Henderson has this message for Satan’s new owners: “I don’t know how to thank you enough for taking care of him, I just want him back. You can be in his life all you want.”
Henderson has reached out to Satan’s family, and offered to pay them $5,000 plus the cost of a pure-bred German Shepard of their choice. But the family has refused the offer. They told CBS11 by phone they did not want to do an on-camera interview. They said the Army told them his handlers didn’t want him when they adopted Satan. They said they found out Satan’s handler wanted him 16 months after the adoption. They said they love Satan very much and have no plans of giving him up.
A spokesman from the U.S. Army responded to several questions by CBS11 but did not answer why all the handlers in the TEDD program weren’t contacted before the adoptions.
Advocates from the Justice for TEDD Handlers Facebook page told CBS11 that action is needed. “We want those responsible for the TEDD adoption mismanagement to be held accountable, and the illegal adoptions to be voided,” said creator Betsy Hampton.
Here’s how the conversation went:
CBS11: Who was in charge of the adoption of the dogs after the TEDD program ended?
U.S.Army: The Army’s Office of the Provost Marshal General (OPMG) developed the disposition plan for the approximately 229 TEDDs in theater and in training at the contract facility. It was the Provost Marshall General who modified the prioritization of adoptions to give former handlers priority over law enforcement agencies. Given that these are highly trained and specialized dogs, there is strong demand within the law enforcement community, but the PMG recognized the unique attachment between a dog and its handers.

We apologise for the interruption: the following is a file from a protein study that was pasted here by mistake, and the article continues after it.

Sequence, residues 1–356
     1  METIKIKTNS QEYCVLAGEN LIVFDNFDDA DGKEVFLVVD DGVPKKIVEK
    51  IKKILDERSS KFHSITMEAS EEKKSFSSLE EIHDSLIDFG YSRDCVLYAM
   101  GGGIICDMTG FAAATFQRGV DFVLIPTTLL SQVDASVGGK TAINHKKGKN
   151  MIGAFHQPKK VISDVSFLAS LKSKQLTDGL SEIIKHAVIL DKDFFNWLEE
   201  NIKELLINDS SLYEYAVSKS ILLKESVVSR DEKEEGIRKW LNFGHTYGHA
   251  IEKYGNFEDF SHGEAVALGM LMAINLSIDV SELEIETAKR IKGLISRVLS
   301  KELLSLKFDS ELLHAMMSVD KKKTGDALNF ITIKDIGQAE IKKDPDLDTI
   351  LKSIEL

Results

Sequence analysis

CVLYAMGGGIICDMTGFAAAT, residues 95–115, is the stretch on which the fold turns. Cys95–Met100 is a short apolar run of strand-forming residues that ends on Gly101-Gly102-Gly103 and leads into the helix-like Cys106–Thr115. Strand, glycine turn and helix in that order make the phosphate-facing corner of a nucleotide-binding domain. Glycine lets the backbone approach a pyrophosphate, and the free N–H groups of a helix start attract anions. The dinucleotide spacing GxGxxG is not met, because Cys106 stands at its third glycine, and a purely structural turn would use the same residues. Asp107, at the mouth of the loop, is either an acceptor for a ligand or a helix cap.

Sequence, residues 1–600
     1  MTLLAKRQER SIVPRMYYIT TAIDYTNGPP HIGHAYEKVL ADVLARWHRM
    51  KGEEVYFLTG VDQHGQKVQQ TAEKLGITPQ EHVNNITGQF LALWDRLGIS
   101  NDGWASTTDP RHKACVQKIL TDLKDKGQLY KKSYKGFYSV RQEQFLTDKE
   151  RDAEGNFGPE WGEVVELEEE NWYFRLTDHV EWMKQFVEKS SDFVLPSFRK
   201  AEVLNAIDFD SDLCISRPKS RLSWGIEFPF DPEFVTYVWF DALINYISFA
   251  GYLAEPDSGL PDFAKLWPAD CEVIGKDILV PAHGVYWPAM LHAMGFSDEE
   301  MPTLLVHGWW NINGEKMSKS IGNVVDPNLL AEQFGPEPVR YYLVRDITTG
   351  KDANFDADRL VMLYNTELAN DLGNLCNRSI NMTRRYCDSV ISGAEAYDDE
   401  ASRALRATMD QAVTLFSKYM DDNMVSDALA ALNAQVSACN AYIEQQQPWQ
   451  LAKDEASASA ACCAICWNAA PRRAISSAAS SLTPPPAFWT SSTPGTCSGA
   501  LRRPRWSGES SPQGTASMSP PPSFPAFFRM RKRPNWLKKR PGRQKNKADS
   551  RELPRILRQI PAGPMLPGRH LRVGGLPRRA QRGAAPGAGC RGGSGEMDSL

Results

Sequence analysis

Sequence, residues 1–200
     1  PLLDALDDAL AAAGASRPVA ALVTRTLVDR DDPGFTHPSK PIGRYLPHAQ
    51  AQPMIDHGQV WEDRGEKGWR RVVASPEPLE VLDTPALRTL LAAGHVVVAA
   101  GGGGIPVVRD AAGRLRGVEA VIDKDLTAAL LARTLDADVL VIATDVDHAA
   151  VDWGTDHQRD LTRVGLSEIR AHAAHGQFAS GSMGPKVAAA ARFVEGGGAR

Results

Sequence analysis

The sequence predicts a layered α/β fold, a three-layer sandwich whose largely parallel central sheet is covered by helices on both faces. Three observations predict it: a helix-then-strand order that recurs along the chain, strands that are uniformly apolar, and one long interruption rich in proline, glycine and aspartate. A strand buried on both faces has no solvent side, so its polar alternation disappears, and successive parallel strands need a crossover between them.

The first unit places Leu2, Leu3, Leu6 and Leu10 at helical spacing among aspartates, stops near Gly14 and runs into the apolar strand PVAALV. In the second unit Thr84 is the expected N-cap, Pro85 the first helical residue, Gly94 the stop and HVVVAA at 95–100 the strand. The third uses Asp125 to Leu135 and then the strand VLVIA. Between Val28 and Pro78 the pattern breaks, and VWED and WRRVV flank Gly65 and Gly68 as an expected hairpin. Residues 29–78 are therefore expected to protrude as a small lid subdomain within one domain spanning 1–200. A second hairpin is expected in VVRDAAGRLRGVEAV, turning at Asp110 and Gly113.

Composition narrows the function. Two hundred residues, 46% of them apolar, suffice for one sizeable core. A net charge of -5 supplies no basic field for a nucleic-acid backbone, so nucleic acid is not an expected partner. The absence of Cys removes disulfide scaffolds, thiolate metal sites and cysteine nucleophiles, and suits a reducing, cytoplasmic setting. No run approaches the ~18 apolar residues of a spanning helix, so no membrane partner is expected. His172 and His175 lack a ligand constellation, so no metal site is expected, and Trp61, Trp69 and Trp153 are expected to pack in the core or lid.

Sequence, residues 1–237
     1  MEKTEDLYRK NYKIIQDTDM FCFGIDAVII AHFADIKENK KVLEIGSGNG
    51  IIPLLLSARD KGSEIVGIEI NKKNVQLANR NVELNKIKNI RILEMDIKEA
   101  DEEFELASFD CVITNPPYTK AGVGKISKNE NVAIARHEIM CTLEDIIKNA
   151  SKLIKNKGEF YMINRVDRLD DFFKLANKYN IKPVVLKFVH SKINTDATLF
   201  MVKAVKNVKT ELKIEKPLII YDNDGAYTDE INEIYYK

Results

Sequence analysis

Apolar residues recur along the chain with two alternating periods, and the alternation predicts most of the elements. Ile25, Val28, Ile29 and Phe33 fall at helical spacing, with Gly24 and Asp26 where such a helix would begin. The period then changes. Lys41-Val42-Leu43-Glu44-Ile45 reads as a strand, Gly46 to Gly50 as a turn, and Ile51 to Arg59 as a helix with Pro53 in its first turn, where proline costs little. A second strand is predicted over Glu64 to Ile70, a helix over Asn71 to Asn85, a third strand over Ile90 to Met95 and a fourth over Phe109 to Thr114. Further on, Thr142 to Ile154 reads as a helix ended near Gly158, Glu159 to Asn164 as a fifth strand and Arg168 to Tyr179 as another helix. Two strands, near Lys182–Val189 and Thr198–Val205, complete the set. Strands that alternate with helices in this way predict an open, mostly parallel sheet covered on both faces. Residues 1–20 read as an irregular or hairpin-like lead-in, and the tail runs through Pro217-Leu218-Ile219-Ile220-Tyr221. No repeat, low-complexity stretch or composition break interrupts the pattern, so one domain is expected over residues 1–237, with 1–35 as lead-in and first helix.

CBS11: Who, if anyone, from the OPMG was on site at K2 to facilitate the adoptions?
U.S.Army: Staff members from the OPMG were on site at K2 at the end of TEDD program. Of the 229 TEDDs, 40 were placed with former handlers, and 70 were retained by the Army and transferred to Army units. The remaining 119 TEDDs were made available for adoption at no cost to the individual or agency adopting the dogs.
CBS11: Why weren’t the handlers notified the dogs were up for adoption?
U.S.Army: They were notified. TEDD handlers were given the opportunity to adopt TEDDs that were not required to fill Army working dog shortages. An OPMG representative attempted to contact former TEDD handlers who expressed interest in adopting a TEDD prior to the termination of the TEDD contract. As a result, the Army was able to successfully reunite 40 handlers with their former TEDDs.
CBS11: What procedures, if any, have changed to correct this issue?
U.S.Army: We remain grateful for the sacrifices of our military working dogs and to those who support and work alongside them. OPMG, in conjunction with our sister services, is in the process of modifying current procedures regarding notifications to former handlers in accordance with the recent revisions to the law. It is our intent that all former dog handlers be given the right of first refusal during future adoption processes. Editors Note: The U.S. Army contacted CBS 11 after this story aired with the following information:
The Office of the Provost Marshal attempted to contact all former handlers who had expressed an interest in adopting their dogs. The Army did its best to contact former handlers in order to reunite them with their former dog—even though there nor was no legal or regulatory requirement to do so. The PMG is working diligently to identify the lessons learned from the TEDD adoption process as well as the recent changes to Robby’s Law in order to codify and clarify former handler tracking and notification procedures for future adoptions.
Adoptions to civilian personnel over the objections of a former handler were not illegal, and thus the Army has no legal basis to void those adoptions. There were no provisions of the 2000 version of Robby’s Law mandating adoptions to former handlers vice civilian personnel meeting the adoption requirements.